#AdventurousApril: Just Go for it!

19 Apr

Growing up I was exposed to several customs and traditions through my Mexican-American culture, and I grew up speaking two languages, Spanish and English. Throughout the years I will admit my Spanish has turned into what most people would describe as “Spanglish”. But I have been trying to perfect my Spanish the best I can. That means using the language often and in every way possible. Now I’m sure many of you can relate speaking a language that isn’t your first can be nerve-racking. Everyone has their fears and one of mine is speaking Spanish with a group outside my family. So, in order to face my fear and get a little adventurous, I volunteered at soup kitchen hosted by a local church this past weekend!

Many people in the Tucson community speak Spanish so I thought this would be the best opportunity to put myself out there and use my bilingual skills for a good cause. At first I noticed my hands were shaking, so I asked myself, “Maddie why are you so nervous? What’s the worst that can happen?” Bad idea. Then I started thinking about all these scenarios “What if someone laughs at me and then scolds me for using ‘un’ when I should have used ‘unos’?!”

I kept to myself for the first few minutes I was there then suddenly had my first encounter with a woman who only spoke Spanish.

“¿Mijita, me puedes ayudar distribuir los sándwiches cuando llegan la gente?”

I was relieved her question was short and simple but still, I responded with a soft “Si”.

Shortly after I began helping her put the sandwiches in bags then made my way to the front where everyone was working handing out food to visitors of the food bank. Several of the visitors spoke English, but I was often thanked with a “Gracias.” I was beginning to get disappointed because I was barely using my Spanish to communicate, I was barely using any language at all. For a period of time I only nodded my head kept smiling.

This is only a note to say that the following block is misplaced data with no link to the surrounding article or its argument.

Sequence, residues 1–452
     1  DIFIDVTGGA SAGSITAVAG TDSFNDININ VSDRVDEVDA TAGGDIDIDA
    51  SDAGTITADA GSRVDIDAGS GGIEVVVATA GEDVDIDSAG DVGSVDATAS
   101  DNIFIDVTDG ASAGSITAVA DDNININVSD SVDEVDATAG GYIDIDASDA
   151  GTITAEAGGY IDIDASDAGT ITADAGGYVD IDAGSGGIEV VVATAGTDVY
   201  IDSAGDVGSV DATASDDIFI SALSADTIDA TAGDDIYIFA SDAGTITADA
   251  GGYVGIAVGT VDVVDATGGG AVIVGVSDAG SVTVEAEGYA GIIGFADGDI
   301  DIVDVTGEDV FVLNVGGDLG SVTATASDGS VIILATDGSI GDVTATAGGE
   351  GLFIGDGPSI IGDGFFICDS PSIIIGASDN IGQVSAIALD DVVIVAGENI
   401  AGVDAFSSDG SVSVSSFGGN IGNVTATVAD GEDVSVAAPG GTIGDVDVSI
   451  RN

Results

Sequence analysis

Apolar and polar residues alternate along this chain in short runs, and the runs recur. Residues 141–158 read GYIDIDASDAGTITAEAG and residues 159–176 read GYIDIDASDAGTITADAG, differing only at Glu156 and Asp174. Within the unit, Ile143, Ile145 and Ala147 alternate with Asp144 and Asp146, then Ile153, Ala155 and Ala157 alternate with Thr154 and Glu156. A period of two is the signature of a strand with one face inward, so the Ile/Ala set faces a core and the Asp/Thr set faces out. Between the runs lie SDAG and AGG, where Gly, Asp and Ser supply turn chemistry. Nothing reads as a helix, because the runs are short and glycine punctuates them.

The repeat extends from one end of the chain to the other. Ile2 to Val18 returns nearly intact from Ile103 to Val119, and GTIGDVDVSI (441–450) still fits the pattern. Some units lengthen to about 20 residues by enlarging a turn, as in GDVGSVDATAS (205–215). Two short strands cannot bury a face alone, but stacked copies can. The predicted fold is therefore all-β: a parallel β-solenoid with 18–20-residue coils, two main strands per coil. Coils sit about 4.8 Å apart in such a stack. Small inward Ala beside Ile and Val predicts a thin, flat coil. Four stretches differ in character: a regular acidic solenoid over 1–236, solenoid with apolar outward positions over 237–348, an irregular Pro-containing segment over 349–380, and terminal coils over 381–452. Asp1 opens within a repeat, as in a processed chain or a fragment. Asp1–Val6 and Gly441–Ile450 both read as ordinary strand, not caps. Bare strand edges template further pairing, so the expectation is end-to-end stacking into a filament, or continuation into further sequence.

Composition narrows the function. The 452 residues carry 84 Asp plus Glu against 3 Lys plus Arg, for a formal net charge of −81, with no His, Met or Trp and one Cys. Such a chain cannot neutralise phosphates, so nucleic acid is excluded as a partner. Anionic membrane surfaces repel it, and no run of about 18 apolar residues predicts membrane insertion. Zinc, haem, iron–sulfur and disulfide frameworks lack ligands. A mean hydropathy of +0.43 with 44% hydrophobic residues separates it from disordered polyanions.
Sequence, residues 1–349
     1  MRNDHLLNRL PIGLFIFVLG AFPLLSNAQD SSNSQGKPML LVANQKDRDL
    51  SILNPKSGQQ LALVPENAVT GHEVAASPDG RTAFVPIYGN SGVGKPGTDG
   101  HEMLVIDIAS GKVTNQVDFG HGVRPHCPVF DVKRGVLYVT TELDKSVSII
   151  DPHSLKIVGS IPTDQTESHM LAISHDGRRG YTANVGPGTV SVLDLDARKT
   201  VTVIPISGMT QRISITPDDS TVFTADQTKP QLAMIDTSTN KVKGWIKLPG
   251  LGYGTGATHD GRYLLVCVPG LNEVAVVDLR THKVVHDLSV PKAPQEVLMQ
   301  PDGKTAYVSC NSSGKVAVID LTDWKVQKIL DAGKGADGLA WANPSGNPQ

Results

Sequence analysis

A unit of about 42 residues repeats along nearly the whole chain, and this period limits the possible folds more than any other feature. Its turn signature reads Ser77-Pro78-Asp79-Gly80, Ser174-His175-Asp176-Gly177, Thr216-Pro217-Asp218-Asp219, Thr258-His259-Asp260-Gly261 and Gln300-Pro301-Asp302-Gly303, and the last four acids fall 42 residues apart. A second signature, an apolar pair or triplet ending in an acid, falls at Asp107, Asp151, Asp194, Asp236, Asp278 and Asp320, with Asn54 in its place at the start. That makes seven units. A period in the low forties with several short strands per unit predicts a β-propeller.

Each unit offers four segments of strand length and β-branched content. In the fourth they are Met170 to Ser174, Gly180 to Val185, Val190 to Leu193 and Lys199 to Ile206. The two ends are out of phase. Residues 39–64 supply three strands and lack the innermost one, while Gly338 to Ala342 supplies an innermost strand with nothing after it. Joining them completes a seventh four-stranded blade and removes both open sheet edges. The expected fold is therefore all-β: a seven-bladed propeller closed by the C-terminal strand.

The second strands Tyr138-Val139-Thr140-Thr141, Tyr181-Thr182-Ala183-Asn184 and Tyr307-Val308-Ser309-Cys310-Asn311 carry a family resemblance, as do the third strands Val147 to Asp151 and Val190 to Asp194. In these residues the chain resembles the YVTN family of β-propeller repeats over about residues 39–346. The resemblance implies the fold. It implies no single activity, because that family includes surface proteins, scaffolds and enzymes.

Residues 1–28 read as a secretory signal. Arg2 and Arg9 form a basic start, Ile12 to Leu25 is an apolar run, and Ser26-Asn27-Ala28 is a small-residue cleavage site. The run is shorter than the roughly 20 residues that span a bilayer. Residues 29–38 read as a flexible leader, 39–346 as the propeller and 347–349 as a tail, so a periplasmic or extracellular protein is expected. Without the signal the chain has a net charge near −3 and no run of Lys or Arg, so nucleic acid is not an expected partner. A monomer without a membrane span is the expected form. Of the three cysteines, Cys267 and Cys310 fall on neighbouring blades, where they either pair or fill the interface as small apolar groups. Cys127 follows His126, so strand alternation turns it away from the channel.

Eventually I got myself together and forced myself to make my way to the table where all the volunteer chefs hung out at. To my surprise only 2 of the 5 chefs spoke English,

“Yes! Now is my chance!” I got the courage to ask to sit with them and listened to some interesting stories. Most of them were in their late 60s so I got to hear some incredible experiences. The thing that surprised me the most was that I suddenly became comfortable asking all these questions and even sharing some of my experiences and thoughts about being in college. I did however struggle with some words like often mixing present tense verbs with future tenses but they were extremely patient and even helped me along the way.

What made my volunteering experience adventurous was including myself in an environment where speaking Spanish and English was necessary. Once I warmed up to speaking Spanish, I didn’t want to stop and the more my confidence grew, the better my Spanish became. It made me realize that if you want to perfect or improve any skill, all you need is practice. Looking back on my experience, I reminded myself that I can accomplish most things if I take a chance and just go for it. Who would have thought I would have these insightful conversations with other Spanish speakers? Facing a fear or tackling an insecurity is definitely an adventure in itself. It allows you to test your limits and knock down boundaries you would have never crossed before.

Until next time,



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